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concerned family member may be a child molestor

(606 Posts)
fandomfanny Wed 07-Nov-12 15:37:42

Message withdrawn at poster's request.

Itchywoolyjumper Wed 07-Nov-12 17:16:09

I'm an other one who thinks having a chat to your GP would be a really good idea. If its all a misunderstanding no harm will have been done. Your MIL's behaviour is pretty inappropriate at best and talking to your GP give you some ideas as to how to protect your DCs from her influence.
Trust your instinct.

Pagwatch Wed 07-Nov-12 17:18:50

Why was his counsellor allowed to discuss him - at 18 years old - with his mother?

fandomfanny Wed 07-Nov-12 17:19:58

Message withdrawn at poster's request.

TheArmadillo Wed 07-Nov-12 17:20:33

I was told that I was 'unable to cope with life' and that I didn't function like other people. Occasionally to give it more weight it would be 'x said...' It was to keep me dependent on them so they could keep complete control of my life. I believed it for a long time. It would also make him reluctant to engage with further counsellors.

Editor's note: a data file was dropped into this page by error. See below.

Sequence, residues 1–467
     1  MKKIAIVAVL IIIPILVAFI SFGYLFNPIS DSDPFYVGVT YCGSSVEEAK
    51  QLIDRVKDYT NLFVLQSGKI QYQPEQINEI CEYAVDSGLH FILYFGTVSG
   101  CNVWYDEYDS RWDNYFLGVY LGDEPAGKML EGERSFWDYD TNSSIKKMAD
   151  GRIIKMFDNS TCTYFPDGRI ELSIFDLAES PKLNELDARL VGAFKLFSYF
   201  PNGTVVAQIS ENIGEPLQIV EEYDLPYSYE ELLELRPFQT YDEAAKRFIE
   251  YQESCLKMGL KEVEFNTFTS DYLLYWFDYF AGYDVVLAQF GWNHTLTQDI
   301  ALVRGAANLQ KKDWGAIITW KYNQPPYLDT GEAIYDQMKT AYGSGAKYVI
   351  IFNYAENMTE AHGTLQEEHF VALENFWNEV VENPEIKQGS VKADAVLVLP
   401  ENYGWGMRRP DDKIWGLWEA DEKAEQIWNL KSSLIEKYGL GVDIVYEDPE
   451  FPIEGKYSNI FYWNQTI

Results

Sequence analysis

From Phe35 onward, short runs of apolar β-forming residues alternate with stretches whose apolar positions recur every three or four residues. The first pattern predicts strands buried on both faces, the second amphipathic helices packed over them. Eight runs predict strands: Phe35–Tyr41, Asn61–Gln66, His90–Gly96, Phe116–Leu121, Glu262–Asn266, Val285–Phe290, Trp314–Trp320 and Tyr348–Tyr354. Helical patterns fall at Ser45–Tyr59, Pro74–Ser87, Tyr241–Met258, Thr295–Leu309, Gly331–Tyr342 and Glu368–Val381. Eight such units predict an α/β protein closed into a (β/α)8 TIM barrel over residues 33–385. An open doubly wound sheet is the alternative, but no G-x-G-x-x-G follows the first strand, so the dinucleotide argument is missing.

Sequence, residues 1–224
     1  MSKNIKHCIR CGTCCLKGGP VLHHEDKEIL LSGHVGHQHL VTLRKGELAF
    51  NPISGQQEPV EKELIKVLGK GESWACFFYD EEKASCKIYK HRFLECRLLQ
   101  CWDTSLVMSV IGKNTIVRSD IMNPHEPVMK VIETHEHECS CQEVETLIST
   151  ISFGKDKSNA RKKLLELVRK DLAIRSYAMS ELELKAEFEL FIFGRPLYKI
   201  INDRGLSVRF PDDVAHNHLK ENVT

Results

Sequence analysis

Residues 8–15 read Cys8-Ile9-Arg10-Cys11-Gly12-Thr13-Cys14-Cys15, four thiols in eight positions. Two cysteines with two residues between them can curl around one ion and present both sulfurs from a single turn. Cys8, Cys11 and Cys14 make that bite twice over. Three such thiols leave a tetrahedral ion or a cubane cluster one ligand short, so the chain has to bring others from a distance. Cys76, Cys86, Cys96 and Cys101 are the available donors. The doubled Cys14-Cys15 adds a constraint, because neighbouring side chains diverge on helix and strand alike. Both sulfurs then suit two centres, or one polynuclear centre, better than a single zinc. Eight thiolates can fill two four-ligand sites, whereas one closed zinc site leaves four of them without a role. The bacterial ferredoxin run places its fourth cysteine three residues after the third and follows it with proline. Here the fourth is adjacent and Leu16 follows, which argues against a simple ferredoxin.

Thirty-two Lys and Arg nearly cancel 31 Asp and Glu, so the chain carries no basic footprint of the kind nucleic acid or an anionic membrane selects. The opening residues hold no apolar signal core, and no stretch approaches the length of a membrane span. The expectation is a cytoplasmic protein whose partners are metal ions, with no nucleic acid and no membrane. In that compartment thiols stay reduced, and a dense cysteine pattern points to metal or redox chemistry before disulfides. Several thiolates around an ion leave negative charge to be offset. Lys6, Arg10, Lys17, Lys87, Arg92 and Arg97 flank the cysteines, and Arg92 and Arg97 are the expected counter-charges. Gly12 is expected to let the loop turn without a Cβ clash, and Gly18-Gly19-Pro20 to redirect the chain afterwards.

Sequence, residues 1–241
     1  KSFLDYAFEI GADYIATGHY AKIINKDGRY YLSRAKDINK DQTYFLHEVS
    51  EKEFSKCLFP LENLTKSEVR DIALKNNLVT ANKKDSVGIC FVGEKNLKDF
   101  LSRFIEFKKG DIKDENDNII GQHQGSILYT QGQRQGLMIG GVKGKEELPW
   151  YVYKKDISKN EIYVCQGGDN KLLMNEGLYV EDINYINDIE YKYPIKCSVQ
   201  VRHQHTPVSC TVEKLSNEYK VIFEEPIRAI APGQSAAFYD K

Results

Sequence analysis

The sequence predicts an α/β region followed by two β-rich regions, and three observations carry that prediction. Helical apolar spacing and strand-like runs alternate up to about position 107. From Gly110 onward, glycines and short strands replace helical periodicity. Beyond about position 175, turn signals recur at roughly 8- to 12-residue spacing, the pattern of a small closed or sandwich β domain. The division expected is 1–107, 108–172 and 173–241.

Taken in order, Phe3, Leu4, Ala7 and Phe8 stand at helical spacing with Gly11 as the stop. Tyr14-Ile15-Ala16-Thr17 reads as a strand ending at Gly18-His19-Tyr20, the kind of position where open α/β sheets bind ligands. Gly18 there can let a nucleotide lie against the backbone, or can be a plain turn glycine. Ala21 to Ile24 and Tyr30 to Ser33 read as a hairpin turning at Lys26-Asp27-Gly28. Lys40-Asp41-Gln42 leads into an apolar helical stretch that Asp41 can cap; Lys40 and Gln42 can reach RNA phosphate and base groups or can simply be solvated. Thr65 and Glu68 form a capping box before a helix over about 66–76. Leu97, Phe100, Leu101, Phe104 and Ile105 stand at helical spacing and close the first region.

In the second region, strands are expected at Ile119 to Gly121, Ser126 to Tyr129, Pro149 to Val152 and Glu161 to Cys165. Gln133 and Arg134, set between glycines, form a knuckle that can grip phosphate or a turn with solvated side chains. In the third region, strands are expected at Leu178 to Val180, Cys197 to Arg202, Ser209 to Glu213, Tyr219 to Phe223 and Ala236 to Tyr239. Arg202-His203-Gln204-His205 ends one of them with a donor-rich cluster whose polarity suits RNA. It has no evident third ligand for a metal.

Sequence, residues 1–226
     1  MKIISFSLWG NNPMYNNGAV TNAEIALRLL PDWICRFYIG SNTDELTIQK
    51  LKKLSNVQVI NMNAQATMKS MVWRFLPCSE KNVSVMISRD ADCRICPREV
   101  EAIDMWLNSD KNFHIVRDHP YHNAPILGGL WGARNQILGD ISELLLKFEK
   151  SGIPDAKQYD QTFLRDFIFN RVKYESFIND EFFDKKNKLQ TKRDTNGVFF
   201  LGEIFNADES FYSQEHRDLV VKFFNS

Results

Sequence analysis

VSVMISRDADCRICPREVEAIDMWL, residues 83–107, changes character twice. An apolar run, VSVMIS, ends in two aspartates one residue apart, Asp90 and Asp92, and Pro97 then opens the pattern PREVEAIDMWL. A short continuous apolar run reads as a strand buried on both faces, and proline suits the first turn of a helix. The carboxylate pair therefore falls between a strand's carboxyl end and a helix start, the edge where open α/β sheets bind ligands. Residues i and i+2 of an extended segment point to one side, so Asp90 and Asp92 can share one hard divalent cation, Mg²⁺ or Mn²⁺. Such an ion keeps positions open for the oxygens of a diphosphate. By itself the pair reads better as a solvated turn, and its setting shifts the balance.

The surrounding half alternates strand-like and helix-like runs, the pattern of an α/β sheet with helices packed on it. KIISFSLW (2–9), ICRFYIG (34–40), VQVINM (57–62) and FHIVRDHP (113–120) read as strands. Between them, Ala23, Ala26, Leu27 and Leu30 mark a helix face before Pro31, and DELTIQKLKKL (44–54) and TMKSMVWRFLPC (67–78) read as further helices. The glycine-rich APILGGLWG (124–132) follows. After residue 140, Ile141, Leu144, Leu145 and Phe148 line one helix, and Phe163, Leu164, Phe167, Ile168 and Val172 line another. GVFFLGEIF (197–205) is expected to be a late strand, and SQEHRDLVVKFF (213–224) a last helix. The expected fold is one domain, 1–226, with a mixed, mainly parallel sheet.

fandomfanny Wed 07-Nov-12 17:24:58

Message withdrawn at poster's request.

ladyWordy Wed 07-Nov-12 17:26:36

You're not over-reacting fandom.

The thing is, children can't protect themselves, so you have to do it. Even at the expense of your relationship with your DH (or anyone!) I see it this way: adults can fend for themselves, and children cannot…it's that simple.

Besides which, you've described your MIL as unbalanced, manipulative and unstable…obsessed with young children….and her own children have unexplained scarring and disturbing memories. She has also lied and attempted to defraud you. And that's before we get to over-riding your 'no' – always a very bad sign - and the unexplained, unnecessary behaviour around toileting.

If she was a stranger you wouldn't let her near your DC. So there is no way you are fussing about nothing here, and if DH is upset, he will have to deal with it - as I'm sure he will.